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C is for chocolate-chip cookies - Tina Marie's Ramblings
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skywhisperer
skywhisperer
C is for chocolate-chip cookies

Chocolate-chip cookies
Originally uploaded by SkyWhisperer
First, the recipe link: NYT Chocolate Chip Cookies.

I'm a sucker for the NYT recipes. I made a lot of no-knead bread, and I read a lot of reviews of these cookies.

First, the negatives: They're fussy. I'm not one of those people that thinks you should never bother with more then five ingredients, but weighing the brown sugar? Plus, 36 hours in the fridge makes them not suitable as an impulse baked good, and chocolate-chip cookies should be an impulse baked good.

With all that said - they're amazing. I think I'd have skipped the salt on top, and I just made them with the random chips in my pantry, and they'd obviously be improved by the use of very good chips, but they're still amazing. Crunchy on the outside, chewy on the inside, with exactly the right texture. The sort of chocolate chip cookie that everyone aspires to make, and that Toll House will never be.

Are they worth the hassle? Probably. But I won't give up my Toll House recipe for spur-of-the-moment cookie baking.
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Comments
acelightning From: acelightning Date: August 14th, 2008 04:23 am (UTC) (Link)
you'll note that they give weights for both kinds of flour and both kinds of sugar, as well as the butter and chocolate "disks". only the things that are measured by spoonfuls don't also give the weights. outside of the US, that's the way recipe amounts are usually given - by weight, except for liquids and small amounts. even in the other places that use the completely illogical "English" measurement system, they'll specify "6 ounces of sugar, 8 ounces of flour". and finding the conversions between weight and volume is not easy - sometimes you're lucky, and it's inside the back cover of your cookbook. you can, however, find all the conversions you'll ever need here.

one of these days i'm going to have to try that recipe. i've just recently discovered the trick of mixing somewhere around 3/4 of the total amount of flour with the liquids for bread dough, and letting it stand for ten or fifteen minutes before kneading; the flour absorbs the liquid, and you wind up not having to add as much flour to get a smooth, springy dough. putting the cookie dough in the fridge for a day seems like it's having a similar kind of effect.


arthur_sc_king From: arthur_sc_king Date: August 14th, 2008 04:31 am (UTC) (Link)
My choc-chip cookie recipe is below. It's what used to be on the back of the Chipits bags of chocolate chips back in the day. There's a different recipe there now, one I don't like as much.

But I've found the secret to making the cookies that much more heavenly.

You know when you're creaming the fat and sugars? Do it in an electric mixer (we have a bottom-of-the-line Kitchenaid), and let the mixer go for about, oh, I dunno, 10-15 minutes. Like, go have a bath while it's mixing.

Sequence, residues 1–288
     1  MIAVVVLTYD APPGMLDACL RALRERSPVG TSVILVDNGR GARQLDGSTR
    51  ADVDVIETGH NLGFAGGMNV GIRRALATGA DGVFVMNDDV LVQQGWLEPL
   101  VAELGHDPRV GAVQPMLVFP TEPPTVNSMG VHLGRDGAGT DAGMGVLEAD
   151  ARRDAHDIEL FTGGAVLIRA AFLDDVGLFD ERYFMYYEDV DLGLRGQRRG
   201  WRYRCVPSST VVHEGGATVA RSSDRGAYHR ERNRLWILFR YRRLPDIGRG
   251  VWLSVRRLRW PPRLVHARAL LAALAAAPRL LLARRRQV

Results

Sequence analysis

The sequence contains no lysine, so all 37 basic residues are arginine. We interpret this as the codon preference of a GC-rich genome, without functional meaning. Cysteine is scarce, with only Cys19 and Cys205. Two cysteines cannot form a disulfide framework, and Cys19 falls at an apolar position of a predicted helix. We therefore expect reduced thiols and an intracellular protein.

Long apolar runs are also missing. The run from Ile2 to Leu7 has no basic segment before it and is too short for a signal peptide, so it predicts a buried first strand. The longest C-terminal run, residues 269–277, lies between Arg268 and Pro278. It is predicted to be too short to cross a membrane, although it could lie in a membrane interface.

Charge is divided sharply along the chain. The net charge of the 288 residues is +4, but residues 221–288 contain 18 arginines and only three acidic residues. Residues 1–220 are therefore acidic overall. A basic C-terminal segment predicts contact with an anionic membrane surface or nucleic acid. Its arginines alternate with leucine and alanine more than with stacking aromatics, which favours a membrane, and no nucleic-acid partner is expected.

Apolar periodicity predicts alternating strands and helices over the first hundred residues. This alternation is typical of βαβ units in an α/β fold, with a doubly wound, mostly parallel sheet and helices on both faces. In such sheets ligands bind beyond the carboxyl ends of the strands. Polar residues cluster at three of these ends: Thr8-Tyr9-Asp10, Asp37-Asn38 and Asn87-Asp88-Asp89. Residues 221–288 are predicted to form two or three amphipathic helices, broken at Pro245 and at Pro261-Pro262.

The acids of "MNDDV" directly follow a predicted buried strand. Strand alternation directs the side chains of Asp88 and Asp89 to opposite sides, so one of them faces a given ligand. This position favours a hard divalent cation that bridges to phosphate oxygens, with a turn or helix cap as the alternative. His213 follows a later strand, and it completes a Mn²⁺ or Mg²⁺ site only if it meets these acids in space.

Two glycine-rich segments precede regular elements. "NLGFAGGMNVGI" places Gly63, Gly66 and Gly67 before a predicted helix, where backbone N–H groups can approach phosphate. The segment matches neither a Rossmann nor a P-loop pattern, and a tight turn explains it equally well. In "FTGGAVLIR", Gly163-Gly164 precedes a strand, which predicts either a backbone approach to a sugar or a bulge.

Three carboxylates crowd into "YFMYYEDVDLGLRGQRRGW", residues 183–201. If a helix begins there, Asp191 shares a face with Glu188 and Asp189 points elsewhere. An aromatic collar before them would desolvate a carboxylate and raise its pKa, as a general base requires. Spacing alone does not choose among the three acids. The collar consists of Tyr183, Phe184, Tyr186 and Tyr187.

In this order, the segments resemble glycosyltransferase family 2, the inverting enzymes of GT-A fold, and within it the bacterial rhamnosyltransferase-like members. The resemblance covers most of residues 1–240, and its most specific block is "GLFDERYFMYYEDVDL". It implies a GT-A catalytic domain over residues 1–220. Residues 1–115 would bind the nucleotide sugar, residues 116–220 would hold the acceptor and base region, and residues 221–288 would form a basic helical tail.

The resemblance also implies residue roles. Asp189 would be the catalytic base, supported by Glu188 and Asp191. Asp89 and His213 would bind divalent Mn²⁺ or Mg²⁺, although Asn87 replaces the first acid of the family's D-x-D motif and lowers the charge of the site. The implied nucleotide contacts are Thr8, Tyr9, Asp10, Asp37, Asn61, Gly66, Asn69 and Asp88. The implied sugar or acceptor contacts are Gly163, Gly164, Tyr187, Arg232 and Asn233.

Mmm mmm smoo-oo-oo-oo-oo-ooth. Very, very nice.

Anyhow, the recipe (scaled up 4x, 'cause when I make cookies, I Make Cookies!):

2 c. shortening (white, not that butter flavour crap)
1 c. white granulated sugar
1 c. packed yellow sugar (dunno if they have that in the States, but it's like light brown sugar)

Cream together for, like, ever.

4 eggs
1 T. vanilla

Mix in until smooth (not forever, but definitely at least a couple of minutes).

4 c. white flour
2 t. baking powder
2 t. salt

Mix these together, then mix them in. Gets messy if your electric mixer doesn't have one of those shield thingies, so feel free to just use a wooden spoon.

2 c. chocolate chips

Mix in last. (The original recipe called for twice as many chocolate chips, but this is still quite sufficient. The original recipe also called for nuts of some sort, but I say Nuts! to nuts.)

Drop onto ungreased cookie sheets by teaspoonfuls. Bake at 375°F for 8-10 minutes. Let cool (a bit). Makes about one gross (yes, for real). Eat warm in large quantities with copious draughts of cold milk.
alioth1 From: alioth1 Date: August 20th, 2008 11:41 am (UTC) (Link)
I like Alton Brown's chocolate chip recipe (I think it's called 'The chewy' or something like that). I tend to use the same base for other *something* cookie recipes, such as nutty cookies (chopped pecan and walnuts, possibly some raisins). I've also experimented with it a bit, such as adding some calamondin oranges to the mix. (Unfortunately, with the abysmal summer we've had my citrofortunella plant hasn't even bothered to blossom). Either that to give it a slightly citrusy back taste, or subsitute vanilla extract for ginger extract.
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